The graph above indicates that the status of senior care in the United States is changing. The focus has been shifting from a ‘reactive care delivery’ to ‘preventive care delivery.’ With the growing changes in the healthcare space, it is important that every member of the patient population moves towards self-management. CMS predicts that 83% of the beneficiaries will have lower premiums in 2019 as compared to the past year.
Stepping into the future of Medicare Advantage plans
Based on the fact sheet released by the CMS a few days back, an exhaustive list of Medicare Advantage health plans innovation will be tested in the Value-based Insurance Design (VBID) model for the CY2020 application period.
The model will be designed in such a way to:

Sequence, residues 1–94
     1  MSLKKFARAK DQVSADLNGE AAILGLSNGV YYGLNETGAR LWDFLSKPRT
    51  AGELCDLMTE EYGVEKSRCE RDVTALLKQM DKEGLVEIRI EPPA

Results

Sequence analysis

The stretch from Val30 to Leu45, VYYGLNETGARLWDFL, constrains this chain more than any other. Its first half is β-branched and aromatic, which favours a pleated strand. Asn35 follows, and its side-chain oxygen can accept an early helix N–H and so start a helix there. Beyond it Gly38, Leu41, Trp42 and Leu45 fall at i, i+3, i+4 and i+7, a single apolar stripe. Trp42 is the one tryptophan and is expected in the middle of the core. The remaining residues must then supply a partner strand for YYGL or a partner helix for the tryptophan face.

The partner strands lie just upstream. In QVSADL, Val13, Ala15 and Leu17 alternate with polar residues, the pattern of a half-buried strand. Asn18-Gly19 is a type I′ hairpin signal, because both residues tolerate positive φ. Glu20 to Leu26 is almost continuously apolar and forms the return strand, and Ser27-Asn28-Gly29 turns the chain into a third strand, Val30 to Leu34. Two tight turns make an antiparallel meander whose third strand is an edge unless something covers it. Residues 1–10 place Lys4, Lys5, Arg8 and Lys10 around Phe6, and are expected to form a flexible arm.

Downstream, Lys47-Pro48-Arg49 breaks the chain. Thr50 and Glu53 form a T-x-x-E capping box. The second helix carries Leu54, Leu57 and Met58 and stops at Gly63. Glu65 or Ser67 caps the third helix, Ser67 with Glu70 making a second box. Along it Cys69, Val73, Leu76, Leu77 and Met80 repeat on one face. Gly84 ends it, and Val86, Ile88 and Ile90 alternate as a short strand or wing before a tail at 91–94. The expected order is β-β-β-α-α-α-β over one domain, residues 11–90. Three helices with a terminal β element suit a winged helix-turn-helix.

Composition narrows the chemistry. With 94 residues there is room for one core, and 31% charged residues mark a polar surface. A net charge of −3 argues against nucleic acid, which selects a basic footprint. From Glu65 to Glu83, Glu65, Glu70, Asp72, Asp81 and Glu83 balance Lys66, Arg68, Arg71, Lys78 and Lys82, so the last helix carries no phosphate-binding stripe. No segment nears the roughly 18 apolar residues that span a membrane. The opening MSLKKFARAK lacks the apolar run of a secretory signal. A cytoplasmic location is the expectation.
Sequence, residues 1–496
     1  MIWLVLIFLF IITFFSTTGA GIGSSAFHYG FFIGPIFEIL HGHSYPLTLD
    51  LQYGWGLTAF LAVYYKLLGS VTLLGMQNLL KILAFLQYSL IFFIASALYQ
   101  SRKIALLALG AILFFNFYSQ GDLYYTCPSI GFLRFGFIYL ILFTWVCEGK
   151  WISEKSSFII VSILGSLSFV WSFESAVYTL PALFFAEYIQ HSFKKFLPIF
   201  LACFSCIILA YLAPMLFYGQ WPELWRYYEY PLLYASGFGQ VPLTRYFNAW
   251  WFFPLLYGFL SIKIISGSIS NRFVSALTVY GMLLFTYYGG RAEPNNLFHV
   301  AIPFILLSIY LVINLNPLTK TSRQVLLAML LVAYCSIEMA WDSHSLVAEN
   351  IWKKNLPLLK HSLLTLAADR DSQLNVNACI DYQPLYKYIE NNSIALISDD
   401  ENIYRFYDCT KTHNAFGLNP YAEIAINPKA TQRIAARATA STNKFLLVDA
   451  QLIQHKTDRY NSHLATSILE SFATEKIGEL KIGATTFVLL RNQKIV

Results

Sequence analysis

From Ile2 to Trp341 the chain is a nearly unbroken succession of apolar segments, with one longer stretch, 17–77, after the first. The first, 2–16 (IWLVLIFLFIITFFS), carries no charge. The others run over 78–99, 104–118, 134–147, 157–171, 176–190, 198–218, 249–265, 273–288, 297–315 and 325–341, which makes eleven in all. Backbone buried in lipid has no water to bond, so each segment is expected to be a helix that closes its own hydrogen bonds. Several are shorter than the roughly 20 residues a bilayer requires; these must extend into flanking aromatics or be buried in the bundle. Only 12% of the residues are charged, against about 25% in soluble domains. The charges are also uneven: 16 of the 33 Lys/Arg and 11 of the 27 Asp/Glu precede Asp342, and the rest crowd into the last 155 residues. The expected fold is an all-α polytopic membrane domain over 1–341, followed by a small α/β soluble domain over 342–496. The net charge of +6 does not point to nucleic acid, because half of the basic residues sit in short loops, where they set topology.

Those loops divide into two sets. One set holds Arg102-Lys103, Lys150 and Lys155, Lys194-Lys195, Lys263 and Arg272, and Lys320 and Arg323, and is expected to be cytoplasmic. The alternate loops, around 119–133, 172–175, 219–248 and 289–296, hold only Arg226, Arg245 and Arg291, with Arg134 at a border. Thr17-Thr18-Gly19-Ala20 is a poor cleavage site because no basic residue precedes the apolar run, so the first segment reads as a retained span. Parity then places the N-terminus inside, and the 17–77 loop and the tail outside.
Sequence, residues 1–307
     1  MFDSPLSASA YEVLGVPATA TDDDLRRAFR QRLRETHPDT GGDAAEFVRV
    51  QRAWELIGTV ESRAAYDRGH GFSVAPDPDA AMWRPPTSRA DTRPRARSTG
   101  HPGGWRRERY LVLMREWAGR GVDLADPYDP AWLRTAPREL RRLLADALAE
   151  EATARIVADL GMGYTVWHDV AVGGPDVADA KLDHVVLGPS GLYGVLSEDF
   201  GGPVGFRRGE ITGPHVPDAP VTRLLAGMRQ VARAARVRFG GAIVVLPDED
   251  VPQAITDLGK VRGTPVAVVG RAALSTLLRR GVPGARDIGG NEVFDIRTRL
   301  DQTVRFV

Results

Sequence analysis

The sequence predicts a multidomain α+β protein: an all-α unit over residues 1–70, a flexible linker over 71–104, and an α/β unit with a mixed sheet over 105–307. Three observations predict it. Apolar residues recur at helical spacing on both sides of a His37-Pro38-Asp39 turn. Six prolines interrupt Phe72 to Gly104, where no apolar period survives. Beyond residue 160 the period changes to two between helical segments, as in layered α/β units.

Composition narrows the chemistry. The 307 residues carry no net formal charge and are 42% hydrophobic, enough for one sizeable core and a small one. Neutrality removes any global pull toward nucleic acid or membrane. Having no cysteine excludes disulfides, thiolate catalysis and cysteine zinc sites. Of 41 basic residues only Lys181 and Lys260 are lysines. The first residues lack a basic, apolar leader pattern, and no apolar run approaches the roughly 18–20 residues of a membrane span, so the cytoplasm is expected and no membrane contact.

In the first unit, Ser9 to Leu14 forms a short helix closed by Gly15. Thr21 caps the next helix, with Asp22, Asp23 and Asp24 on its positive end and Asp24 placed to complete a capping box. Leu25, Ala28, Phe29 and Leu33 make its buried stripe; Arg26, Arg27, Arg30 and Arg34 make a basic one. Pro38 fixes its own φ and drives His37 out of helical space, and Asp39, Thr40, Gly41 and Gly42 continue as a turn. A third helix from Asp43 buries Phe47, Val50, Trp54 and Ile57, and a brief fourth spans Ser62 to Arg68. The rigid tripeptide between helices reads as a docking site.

- Reduce the Medicare program expenditures,
- Enhance the quality of care, and
- Improve the coordination and efficiency of the health care service delivery
The changes in the VBID model are aimed at contributing to the modernization of Medicare Advantage by increasing the choice that patients have while choosing their plans, and with that, lowering the cost and improving the quality of care for Medicare beneficiaries.
For the CY2020 VBID application period, eligible Medicare Advantage organizations may apply to test the following interventions:
- Value-based Insurance Design by condition, socioeconomic status, or both
- Medicare Advantage and Part D Rewards and Incentives Programs
- Telehealth Networks
- Wellness and Health Care Planning
The growing trend of ‘step theory’ in the Medicare Advantage plans